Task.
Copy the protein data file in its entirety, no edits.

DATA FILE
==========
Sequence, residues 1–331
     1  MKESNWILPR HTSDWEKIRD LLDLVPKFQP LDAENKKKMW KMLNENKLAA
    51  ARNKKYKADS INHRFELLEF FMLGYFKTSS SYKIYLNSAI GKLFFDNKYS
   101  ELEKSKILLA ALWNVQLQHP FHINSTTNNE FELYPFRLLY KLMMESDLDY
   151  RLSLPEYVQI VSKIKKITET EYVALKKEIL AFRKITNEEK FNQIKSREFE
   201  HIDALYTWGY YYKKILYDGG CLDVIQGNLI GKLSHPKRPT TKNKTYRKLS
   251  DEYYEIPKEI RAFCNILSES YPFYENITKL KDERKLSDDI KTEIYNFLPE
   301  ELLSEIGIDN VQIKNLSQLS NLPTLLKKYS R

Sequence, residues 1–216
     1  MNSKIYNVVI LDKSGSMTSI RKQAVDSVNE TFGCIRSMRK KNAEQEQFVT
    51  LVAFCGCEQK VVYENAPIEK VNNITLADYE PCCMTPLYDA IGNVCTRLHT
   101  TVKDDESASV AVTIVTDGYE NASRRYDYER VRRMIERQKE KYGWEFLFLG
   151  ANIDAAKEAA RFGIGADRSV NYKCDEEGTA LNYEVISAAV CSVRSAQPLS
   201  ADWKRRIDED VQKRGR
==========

Sequence, residues 1–331
     1  MKESNWILPR HTSDWEKIRD LLDLVPKFQP LDAENKKKMW KMLNENKLAA
    51  ARNKKYKADS INHRFELLEF FMLGYFKTSS SYKIYLNSAI GKLFFDNKYS
   101  ELEKSKILLA ALWNVQLQHP FHINSTTNNE FELYPFRLLY KLMMESDLDY
   151  RLSLPEYVQI VSKIKKITET EYVALKKEIL AFRKITNEEK FNQIKSREFE
   201  HIDALYTWGY YYKKILYDGG CLDVIQGNLI GKLSHPKRPT TKNKTYRKLS
   251  DEYYEIPKEI RAFCNILSES YPFYENITKL KDERKLSDDI KTEIYNFLPE
   301  ELLSEIGIDN VQIKNLSQLS NLPTLLKKYS R

Sequence, residues 1–216
     1  MNSKIYNVVI LDKSGSMTSI RKQAVDSVNE TFGCIRSMRK KNAEQEQFVT
    51  LVAFCGCEQK VVYENAPIEK VNNITLADYE PCCMTPLYDA IGNVCTRLHT
   101  TVKDDESASV AVTIVTDGYE NASRRYDYER VRRMIERQKE KYGWEFLFLG
   151  ANIDAAKEAA RFGIGADRSV NYKCDEEGTA LNYEVISAAV CSVRSAQPLS
   201  ADWKRRIDED VQKRGR